An influential Democratic Congressman on Tuesday apologised to India's US envoy for President Donald Trump's "embarrassing" remarks on Kashmir, while several others came out in support of New Delhi's established stand against any third-party role on the issue. "I just apologised to Indian Ambassador Harsh Shringla for Trump's amateurish and embarrassing mistake," Congressman Brad Sherman tweeted hours after Trump's stunning claim that Prime Minister Narendra Modi sought his mediation or arbitration efforts to resolve the Kashmir issue.
India quickly rejected his claims.
For the past 70 years, India has consistently resisted any third-party mediation proposal, and for over a decade now, the US has been reiterating that Kashmir is a bilateral issue. "Everyone who knows anything about foreign policy in South Asia knows that #India consistently opposes third-party mediation re Kashmir. Everyone knows PM Modi would never suggest such a thing (sic)," tweeted Sherman, who has been closely following the development in South Asia for past few decades.
"Trump's statement is amateurish and delusional. And embarrassing, said Sherman who chairs the House Foreign Affairs Sub-Committee on Asia, the Pacific and Non-Proliferation. Later in the evening, Principal Deputy Assistant Secretary Alice Wells in a tweet said that Kashmir is a bilateral issue between India and Pakistan. "While Kashmir is a bilateral issue for both parties to discuss, the Trump administration welcomes Pakistan and India sitting down and the United States stands ready to assist," she tweeted.
Congressman Eliot L Engel, the Chairman of the powerful House Committee on Foreign Affairs, spoke with Shringla after Trump's remarks. "Engel reiterated his support for the longstanding US position on the Kashmir dispute, saying he supported dialogue between India and Pakistan, but reaffirmed that the dialogue's pace and scope can only be determined by India and Pakistan," said a statement issued by the House Foreign Affairs Committee.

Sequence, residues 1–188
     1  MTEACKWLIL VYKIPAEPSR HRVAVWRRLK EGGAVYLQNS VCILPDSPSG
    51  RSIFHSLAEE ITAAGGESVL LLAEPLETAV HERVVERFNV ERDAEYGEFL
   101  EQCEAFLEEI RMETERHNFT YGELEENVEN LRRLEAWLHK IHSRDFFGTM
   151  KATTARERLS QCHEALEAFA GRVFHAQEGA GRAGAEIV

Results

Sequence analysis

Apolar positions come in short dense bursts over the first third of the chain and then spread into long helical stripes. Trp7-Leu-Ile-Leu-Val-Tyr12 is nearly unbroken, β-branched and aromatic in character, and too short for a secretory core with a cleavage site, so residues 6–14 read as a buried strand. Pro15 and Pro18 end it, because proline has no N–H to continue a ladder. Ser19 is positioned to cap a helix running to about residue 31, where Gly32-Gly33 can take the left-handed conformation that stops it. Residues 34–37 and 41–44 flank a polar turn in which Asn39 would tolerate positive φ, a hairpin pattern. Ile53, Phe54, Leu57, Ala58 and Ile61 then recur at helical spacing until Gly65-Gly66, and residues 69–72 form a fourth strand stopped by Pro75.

During the call, Engel "reaffirmed that in order for dialogue to be meaningful, Pakistan must first take concrete and irreversible steps to dismantle the terrorist infrastructure" on its soil, the statement said. In a joint statement, Congressman George Holding and Congressman Brad Sherman, who are Co-Chairs of Congressional Caucus on India and Indian Americans, asserted that Kashmir is a bilateral issue between India and Pakistan.
"Consistent with decades of US policy, we believe the dispute over Kashmir must be resolved bilaterally by India and Pakistan. The Republic of India is one of America's closest and most important allies, and we look forward to working with Prime Minister Modi and Indian officials to combat terrorism and extremism throughout the region, the two influential lawmakers said in their joint statement.
Earlier Monday, during a meeting with Pakistan PM Imran Khan at the Oval Office, Trump told reporters that PM Modi sought his mediation in the Kashmir issue and that he was ready for it. In New Delhi, the Ministry of External Affairs rejected Trump's claim that Modi ever asked for mediation on Kashmir. The Democratic-controlled House Foreign Affairs Committee also issued a Fact Check. "The Indians confirm they never asked Trump to mediate on Kashmir," the powerful Congressional committee tweeted.